Grant Application Entries
CASA, Inc. (dba CASA of the River Region)
982 Eastern Parkway, Box 9
Louisville, Kentucky 40217
Director, Development & Communications
Becoming a Model of Volunteer Service
(This is resubmission of project submitted in Spring; revised/updated due to COVID-19.)
Incorporated in 1984, Court Appointed Special Advocates (CASA) of the River Region was created to represent children with active cases of abuse and/or neglect in Family Court. This is accomplished by training everyday citizens to advocate for maltreated children (birth to 18 years of age). CASA gives these vulnerable children a voice in Family Court and other settings by ensuring a safe home, academic success, access to medical/therapeutic services.
CASA volunteers are interviewed, screened, and undergo 30-hours of intensive training before being paired with abused/neglected children. It costs CASA $1,200 per person to recruit and train one CASA volunteer. Volunteers are the faces of CASA in Family Court, schools, social service agencies and in the community.
CASA’s project -- Becoming a Model of Volunteer Service – will increase volunteer recruitment and retention by certifying 10 staff in volunteer management. CASA staff (particularly the Director of Volunteer Support, Director of Advocacy and Advocacy Supervisors) interact with volunteers daily. The experience of a CASA volunteer must be exceptional so they will serve not only through the entirety of their first case (an average of 3.4 years) but will remain active and accept a second case. CASA currently has a 77% volunteer retention rate. Our goal is for 85% volunteer retention. To meet this goal, staff must be trained in effective methods of recruitment and relationship building/rapport.
Volunteer Administration Certification Training will provide CASA the foundation for developing an effective volunteer management plan that focuses on the volunteer management lifecycle, including the process for planning, recruiting, training, scheduling, supervising, developing and soliciting feedback from volunteers.
CASA volunteers are the lifeblood of our organization as they provide the direct support to the abused/neglected children we serve. It is imperative that staff, first, recognize volunteers’ unique skills and abilities so volunteers are paired with appropriate cases. And, second, that staff know how to provide ongoing support tailored to the unique needs of each volunteer.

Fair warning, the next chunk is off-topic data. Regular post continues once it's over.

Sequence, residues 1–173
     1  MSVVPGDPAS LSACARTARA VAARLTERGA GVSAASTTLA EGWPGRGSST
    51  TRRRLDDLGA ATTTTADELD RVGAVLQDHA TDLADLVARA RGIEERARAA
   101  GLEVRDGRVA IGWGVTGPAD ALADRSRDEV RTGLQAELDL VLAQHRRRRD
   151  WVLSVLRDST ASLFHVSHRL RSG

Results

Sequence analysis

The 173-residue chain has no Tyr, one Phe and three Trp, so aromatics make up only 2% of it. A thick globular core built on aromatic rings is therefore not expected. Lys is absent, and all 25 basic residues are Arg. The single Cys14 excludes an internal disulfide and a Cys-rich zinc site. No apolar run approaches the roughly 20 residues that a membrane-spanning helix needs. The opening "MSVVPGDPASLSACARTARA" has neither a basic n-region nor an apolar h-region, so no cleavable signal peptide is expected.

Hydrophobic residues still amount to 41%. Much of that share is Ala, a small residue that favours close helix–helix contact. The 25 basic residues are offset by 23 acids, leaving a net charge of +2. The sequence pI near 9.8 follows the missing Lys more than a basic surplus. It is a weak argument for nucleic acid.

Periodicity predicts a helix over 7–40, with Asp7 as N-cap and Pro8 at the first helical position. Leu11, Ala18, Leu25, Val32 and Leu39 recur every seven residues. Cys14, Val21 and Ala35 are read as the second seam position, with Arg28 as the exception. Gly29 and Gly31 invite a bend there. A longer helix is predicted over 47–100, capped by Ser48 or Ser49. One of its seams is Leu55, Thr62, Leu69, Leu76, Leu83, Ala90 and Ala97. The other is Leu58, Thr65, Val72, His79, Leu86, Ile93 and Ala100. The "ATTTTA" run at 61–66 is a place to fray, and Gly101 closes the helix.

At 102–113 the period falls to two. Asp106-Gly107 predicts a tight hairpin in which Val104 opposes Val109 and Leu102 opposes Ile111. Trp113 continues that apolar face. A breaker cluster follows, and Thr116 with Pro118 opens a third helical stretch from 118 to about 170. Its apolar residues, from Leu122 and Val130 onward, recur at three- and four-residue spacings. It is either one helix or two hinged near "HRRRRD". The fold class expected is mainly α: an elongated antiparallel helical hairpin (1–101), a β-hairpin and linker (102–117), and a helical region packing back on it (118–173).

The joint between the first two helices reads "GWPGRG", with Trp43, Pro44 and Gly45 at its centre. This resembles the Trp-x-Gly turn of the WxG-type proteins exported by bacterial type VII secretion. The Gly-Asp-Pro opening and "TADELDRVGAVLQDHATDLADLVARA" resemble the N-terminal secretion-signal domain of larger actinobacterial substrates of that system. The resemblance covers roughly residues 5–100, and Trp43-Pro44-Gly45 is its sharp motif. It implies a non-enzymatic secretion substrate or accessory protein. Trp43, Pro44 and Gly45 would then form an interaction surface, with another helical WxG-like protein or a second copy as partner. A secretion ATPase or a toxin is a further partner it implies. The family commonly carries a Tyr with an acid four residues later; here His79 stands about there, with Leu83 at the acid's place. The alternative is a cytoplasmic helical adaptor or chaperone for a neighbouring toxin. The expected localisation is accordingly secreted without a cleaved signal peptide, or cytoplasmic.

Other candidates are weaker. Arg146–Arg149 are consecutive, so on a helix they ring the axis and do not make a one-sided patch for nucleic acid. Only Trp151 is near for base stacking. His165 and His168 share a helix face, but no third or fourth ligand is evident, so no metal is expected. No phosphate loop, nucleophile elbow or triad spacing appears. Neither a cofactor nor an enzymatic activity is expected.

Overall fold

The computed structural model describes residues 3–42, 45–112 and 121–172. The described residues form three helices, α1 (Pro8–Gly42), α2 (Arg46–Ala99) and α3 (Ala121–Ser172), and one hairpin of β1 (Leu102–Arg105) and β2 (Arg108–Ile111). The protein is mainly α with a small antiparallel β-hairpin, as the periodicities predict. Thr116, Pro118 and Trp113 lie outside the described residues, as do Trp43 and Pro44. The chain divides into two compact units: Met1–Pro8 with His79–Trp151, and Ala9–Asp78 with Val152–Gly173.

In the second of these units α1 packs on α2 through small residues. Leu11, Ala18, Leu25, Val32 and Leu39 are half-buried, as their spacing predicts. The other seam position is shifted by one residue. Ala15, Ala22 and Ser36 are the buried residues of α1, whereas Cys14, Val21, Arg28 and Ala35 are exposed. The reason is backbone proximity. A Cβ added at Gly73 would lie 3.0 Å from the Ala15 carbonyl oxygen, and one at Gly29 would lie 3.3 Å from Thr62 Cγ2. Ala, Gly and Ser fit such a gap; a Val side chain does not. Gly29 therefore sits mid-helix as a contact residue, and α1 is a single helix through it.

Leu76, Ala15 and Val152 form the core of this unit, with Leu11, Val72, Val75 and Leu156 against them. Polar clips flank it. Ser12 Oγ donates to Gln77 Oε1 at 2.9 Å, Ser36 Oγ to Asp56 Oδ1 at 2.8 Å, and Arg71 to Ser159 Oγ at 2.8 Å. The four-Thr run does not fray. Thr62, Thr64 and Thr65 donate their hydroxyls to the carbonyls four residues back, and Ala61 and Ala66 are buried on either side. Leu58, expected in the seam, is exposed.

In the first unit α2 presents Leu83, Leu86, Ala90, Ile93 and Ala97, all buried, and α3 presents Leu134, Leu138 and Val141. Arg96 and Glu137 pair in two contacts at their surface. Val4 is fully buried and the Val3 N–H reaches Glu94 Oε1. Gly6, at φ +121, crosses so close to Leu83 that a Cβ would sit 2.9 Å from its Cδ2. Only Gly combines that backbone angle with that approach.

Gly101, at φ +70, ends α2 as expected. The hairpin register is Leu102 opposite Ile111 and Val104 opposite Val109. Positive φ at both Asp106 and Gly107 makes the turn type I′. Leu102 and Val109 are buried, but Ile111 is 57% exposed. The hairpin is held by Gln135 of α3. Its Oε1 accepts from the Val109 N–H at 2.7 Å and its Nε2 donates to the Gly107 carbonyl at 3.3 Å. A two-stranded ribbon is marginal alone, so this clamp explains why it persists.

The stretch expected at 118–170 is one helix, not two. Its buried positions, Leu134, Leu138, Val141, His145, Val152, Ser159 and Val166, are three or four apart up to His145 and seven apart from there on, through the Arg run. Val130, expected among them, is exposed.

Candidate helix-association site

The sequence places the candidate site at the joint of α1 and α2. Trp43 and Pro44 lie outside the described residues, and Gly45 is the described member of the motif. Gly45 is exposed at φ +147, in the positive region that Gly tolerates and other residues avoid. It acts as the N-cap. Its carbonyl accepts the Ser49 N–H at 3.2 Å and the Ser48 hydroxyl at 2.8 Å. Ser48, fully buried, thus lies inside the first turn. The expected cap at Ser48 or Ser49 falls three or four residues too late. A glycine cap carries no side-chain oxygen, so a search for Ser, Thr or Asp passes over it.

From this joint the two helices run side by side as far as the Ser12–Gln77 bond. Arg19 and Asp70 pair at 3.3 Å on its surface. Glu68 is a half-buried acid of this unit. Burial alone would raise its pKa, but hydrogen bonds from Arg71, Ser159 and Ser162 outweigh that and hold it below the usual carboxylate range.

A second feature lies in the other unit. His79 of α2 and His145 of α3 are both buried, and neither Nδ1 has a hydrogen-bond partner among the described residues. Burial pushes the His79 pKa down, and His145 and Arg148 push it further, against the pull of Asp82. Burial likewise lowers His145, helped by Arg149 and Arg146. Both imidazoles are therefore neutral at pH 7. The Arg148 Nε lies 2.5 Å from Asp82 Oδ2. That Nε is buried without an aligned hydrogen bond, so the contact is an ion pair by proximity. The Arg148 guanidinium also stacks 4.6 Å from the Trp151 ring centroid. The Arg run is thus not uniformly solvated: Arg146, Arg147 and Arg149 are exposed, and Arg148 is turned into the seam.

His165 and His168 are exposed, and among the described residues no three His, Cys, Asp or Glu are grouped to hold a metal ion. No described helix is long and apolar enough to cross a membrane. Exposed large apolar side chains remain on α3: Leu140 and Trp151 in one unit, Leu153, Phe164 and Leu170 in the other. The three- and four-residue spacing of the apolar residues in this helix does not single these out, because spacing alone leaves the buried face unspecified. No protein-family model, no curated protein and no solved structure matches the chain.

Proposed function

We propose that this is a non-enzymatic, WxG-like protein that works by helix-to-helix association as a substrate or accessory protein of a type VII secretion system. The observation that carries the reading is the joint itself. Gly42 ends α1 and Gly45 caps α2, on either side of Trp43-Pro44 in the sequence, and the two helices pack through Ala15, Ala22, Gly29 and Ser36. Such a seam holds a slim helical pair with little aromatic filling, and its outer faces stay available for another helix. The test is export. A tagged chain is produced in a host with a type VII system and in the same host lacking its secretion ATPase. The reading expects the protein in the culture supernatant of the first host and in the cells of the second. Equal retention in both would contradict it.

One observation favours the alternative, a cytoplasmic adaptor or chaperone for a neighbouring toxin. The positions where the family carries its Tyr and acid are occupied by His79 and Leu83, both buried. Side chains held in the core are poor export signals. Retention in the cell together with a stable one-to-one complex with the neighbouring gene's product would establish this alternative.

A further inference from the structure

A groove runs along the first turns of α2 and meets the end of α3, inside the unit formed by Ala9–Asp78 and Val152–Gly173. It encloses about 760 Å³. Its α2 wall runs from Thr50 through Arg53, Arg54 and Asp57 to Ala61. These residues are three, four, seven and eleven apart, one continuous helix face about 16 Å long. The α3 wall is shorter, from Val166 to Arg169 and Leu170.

During these unprecedented times surrounding COVID-19, CASA staff/volunteer relationships are more crucial than ever. It is imperative that staff have the specialized training needed not only to recruit, train and support volunteers, but to develop and build long-lasting relationships.
Improving our volunteer management skills and process will increase CASA volunteers’ engagement and improve retention skills. These outcomes will support CASA in fulfilling its mission.
Certification training will include:
• Effective techniques of introduction, recruitment and follow-up communications with prospective volunteers;
• Strategies to build rapport and communicate effectively with CASA volunteers;
• Best practices (email, phone, in-person meetings, written correspondence and social media) for effective communication with CASA volunteers.
Benefits of volunteer administration training will include:
• Increased volunteer acquisition: Additional volunteers will be available to serve children waiting.
• Improved communication between CASA and prospects/volunteers: Enhanced interaction will ensure children are receiving timely and appropriate services.
• Improved volunteer satisfaction: Volunteers will develop confidence resulting in expanded advocacy services for children.
• Increased retention rates: Experienced volunteers will be paired with children, particularly the more challenging cases, resulting in better outcomes.
These results help ensure CASA volunteers remain active and take on additional cases (after completing their first case). This will make CASA’s initial training more cost effective, and, more importantly, it will provide experienced advocates to represent our CASA children in Family Court and other settings. Improving volunteer management will directly impact the overall effectiveness and efficiency of CASA’s work and improve children’s outcomes.